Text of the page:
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Alimony Laws in Florida

When a party believes that they have a need for financial assistance from the other party, alimony can be requested. As with child support, the Court can award temporary alimony until the final divorce hearing is held, at which time a permanent alimony amount may be ordered. Alimony can be withheld from the paying parties paycheck or the party can be ordered to pay the money to Support Enforcement who will distribute it to the other party.  If the party fails to pay Support Enforcement, one of their staff can testify that the payment was not made; instead of the party having to come to Court with an attorney.

In order to obtain alimony, there has got to be a need for assistance on the part of the requesting party and an ability to pay alimony on the part of the other party. Thus, one party may claim that they cannot pay their basic monthly bills without the help of the other.

A classic example may be the 56-year old woman who has been married for 29 years. It takes $4,500.00 per month to run the household. The husband has moved into an apartment. The wife has never earned more than $300.00 per week and the husband earns $5,000.00 per month. The Court's position may well be that this woman is entitled to economic assistance. She has grown accustomed to a certain lifestyle and she will probably not be required to drastically alter it. Also, there is little likelihood that she can significantly increase her income anytime soon. Clearly there are many cases where the answer concerning alimony is not as obvious.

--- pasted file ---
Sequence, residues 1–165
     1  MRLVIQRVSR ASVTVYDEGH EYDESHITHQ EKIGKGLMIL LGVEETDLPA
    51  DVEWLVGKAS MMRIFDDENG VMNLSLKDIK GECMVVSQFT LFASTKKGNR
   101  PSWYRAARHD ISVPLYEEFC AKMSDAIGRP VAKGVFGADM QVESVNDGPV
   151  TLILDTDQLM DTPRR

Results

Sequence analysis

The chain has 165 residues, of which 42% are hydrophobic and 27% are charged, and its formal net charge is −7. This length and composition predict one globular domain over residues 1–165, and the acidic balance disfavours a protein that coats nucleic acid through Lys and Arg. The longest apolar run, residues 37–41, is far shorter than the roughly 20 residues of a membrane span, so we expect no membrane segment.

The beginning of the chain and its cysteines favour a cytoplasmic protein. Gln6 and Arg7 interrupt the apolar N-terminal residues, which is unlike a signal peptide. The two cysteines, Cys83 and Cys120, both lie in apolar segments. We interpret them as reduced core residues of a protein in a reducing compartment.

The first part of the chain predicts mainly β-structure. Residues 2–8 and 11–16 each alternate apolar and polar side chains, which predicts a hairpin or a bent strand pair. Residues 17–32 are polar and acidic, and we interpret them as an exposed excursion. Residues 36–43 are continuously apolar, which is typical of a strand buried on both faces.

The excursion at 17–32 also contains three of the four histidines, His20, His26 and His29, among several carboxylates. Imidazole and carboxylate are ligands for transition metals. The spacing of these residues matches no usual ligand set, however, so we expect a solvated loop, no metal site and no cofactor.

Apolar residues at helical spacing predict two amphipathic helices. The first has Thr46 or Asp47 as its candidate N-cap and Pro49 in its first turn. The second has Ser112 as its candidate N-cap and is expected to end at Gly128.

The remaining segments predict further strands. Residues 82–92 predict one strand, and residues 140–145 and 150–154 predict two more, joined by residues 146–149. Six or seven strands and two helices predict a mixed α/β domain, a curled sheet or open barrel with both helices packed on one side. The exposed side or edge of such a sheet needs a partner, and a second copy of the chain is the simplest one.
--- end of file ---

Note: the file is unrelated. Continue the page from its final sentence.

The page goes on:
A good example would be the 9 year marriage where the wife has a particular skill. She has not worked in her profession for awhile and won't have any significant earnings until she is back in the work force for a few years. Courts have the discretion in such a circumstance to award rehabilitative alimony as opposed to permanent alimony. This alimony is for a specific period sufficient to allow the receiving party to finish their education or advance in the job market to the point that they can make a reasonable living and be self sufficient. It may be changed to permanent alimony in some circumstances if the party cannot accomplish their rehabilitative goals through no fault of their own.


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Florida is a no-fault divorce state. The only requirements to getting a Florida divorce is that the marriage is irretrievably broken and that the filing spouse meets the residency requirements. The only other ground for divorce in Florida besides the marriage being irretrievably broken is mental incapacity of one of the spouses.
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